Day 20: The Ping in Your Head that Helps You Realize Just How Fortunate You Are / by Sarah Kakusho

It’s interesting. Since I’ve been here, I’ve been pretty fortunate to not have any unfortunate mishaps [yes, even though it’s been 20 days]. Let’s hope that stays that way… I’ve been talking to other people in my program and they’ve had problems like the kids in their host family were going through all of their things, or being hit on by their maid’s nephew, or getting their cameras almost stolen on the streets while taking a photo, or anything of that sort.

I met up a with a friend today and she was telling me how she was invited to her maid’s house last night, and when she went, she saw a person about 10 feet away from her get shot in the leg. Apparently, two people were having some kind of heated argument and it ended with gunshots. No one died, as far as my friend knew. She told me she was glad that she didn’t know completely what was going on, or she would’ve been so traumatized from it. She was so flustered she was talking to me in English [she’s one of my friends that usually only speaks to me in Castellano].

This happened only a 20-minute bus ride south from where I live. She told me that there was a huge difference between where we are living and where she went last night. To just give a rundown of where I live, I live in a high-class, high-end barrio. One block down is the street where the most expensive shops are in Buenos Aires with all the imported brand names like Ralph Lauren [and I can’t remember the others. I don’t go down that street for obvious reasons]. All the people around this area are in business suits or really expensive looking outfits, holding a brief case or walking their border collies or poodles.

The place where my friend went to was, as she described it, a “shanty town.” The house she stayed at had rooms that looked like prison cubicles and there was no heating, hot water, or flushable toilets. She said she had only slept an hour and then just stayed up the entire night after that, hearing the loud noises of the discoteca across the street and the sounds of gunshots. Only 20 minutes away from where we live.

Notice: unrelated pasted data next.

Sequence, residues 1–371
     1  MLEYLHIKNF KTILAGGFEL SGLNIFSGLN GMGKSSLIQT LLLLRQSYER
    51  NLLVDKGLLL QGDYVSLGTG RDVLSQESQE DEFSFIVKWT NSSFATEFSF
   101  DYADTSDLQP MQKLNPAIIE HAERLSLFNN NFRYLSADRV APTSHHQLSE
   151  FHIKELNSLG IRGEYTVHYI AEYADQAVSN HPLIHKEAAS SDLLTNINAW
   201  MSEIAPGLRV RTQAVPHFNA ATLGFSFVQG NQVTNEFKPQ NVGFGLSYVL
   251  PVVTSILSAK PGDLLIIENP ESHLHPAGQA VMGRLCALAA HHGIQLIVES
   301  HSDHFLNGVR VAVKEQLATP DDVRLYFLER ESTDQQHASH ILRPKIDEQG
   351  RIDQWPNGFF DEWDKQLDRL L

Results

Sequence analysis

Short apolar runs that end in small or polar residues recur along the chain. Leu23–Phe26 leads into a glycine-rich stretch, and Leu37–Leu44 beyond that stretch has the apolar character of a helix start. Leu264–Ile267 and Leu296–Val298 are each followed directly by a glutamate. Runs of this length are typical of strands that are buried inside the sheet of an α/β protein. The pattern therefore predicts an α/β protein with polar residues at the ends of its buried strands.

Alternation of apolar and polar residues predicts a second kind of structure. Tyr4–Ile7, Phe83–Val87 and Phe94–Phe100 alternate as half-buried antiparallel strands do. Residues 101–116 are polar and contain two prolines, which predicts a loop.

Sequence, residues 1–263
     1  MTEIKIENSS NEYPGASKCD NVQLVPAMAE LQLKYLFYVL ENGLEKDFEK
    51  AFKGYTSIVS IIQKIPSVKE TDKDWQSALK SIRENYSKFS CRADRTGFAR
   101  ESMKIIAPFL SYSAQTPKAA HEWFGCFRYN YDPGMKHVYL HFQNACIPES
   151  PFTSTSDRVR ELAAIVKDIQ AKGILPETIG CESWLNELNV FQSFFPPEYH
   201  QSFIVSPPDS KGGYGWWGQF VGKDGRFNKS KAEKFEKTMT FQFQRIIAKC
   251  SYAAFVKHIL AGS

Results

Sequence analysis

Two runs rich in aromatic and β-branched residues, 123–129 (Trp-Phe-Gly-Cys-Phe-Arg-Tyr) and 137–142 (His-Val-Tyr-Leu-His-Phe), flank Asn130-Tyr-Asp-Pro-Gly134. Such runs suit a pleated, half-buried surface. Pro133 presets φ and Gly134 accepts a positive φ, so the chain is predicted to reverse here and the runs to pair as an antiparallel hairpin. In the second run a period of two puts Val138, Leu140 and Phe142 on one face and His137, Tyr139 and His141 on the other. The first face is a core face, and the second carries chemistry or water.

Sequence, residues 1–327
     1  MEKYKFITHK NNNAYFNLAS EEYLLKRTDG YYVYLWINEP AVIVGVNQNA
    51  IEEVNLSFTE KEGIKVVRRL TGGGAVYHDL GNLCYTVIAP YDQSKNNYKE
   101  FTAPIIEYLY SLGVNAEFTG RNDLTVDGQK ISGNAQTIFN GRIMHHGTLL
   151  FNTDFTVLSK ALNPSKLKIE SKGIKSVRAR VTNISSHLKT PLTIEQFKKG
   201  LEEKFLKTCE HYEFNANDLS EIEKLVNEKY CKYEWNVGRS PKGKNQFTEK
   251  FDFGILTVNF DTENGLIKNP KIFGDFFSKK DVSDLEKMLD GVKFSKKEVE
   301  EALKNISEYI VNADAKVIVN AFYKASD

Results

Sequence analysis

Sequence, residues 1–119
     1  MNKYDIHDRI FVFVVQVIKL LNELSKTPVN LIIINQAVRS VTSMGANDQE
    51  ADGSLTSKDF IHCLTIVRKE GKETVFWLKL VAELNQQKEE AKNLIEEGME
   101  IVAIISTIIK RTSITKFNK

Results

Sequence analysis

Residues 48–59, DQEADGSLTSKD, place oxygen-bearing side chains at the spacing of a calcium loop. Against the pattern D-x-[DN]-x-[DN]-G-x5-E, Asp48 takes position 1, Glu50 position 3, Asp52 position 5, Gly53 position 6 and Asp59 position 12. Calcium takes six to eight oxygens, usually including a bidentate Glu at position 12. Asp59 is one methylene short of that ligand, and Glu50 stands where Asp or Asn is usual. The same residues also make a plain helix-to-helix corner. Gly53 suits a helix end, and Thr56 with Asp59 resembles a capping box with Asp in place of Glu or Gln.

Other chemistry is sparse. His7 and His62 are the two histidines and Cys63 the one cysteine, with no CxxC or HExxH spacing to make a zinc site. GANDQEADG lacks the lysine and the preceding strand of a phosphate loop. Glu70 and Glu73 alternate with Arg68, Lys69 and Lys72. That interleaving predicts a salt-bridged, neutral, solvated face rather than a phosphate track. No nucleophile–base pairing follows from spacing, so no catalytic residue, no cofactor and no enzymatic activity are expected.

It makes me wonder why it’s common to find some of the less fortunate near one of the wealthiest areas. Is it just wishful thinking among the less fortunate, or is it an ego boost among the wealthy? I don’t know. My friend told me that wasn’t a danger zone that was listed on a paper that our program gave us. I could only imagine what the danger zone, that are listed are like. But, it just goes to show regardless of if something is listed as danger or not, it’s important to be alert anywhere we go.

I’m very glad I’ve been placed in this area. It makes me feel much safer than I had initially thought and there’s a lot more to do than I had thought. The best empanadas are across the street. The one of the biggest ferias is 3 blocks down. The most harassment I get any day is from the homeless who just ask for money.

I’ve definitely taken for granted a lot of Argentine things, and I’m glad I’m able to see that now, while it’s still at the beginning of my journey here. I’m grateful to be able to study in another country in a field that I can’t study in back at Soka. I’m grateful to live in a very safe environment where the nearest laundry place is a block and half away and the nicest affordable cafes are within 3 blocks. I’m grateful for the friends that I’ve made here who trust me enough to open up to me with how they’re feeling. I’m grateful to be in an environment where [most] people are warm and open, and have character. I’m just so grateful that I am here.

Appreciation / 感謝 / Agradecimiento

To Argentina, the land of beautiful people and delicious food. ¡Salud!